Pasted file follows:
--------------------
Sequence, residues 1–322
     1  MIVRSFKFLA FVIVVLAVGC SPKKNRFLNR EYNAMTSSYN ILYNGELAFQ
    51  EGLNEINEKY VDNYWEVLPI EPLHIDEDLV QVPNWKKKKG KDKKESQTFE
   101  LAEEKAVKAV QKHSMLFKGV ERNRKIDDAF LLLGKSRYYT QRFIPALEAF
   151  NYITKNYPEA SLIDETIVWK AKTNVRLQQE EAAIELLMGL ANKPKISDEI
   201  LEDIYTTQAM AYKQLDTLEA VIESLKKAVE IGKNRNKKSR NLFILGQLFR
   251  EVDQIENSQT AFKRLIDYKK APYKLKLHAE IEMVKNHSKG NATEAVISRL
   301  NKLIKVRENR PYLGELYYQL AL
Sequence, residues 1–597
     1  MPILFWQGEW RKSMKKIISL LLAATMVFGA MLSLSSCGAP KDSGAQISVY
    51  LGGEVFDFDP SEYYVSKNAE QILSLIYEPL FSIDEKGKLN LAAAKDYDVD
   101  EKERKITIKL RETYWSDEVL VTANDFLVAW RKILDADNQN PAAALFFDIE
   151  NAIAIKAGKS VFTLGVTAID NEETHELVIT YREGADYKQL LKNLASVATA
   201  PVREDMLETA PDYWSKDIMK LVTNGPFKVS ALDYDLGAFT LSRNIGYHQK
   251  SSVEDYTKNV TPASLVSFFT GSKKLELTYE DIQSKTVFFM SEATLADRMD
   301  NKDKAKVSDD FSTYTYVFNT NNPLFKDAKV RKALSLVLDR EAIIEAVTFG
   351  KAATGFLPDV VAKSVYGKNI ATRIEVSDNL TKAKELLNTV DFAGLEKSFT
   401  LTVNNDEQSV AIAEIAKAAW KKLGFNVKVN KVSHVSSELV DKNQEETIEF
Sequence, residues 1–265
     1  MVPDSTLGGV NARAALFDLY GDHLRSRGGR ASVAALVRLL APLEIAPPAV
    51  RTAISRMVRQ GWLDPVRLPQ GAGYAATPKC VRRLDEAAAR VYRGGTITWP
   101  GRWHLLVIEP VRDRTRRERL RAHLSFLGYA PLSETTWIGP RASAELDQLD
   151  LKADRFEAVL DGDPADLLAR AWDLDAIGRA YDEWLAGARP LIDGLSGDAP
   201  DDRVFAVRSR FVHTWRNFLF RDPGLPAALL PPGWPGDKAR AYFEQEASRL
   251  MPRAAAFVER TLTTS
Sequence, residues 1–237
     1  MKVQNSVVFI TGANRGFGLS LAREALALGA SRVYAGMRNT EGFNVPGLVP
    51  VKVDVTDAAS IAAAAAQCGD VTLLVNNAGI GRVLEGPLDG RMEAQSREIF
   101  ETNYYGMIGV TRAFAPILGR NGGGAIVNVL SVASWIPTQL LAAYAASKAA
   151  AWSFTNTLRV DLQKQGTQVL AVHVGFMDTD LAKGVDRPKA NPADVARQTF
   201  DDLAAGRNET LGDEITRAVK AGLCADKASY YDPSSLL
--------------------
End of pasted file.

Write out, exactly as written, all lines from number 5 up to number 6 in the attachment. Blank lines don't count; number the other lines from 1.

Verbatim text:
   151  NYITKNYPEA SLIDETIVWK AKTNVRLQQE EAAIELLMGL ANKPKISDEI
   201  LEDIYTTQAM AYKQLDTLEA VIESLKKAVE IGKNRNKKSR NLFILGQLFR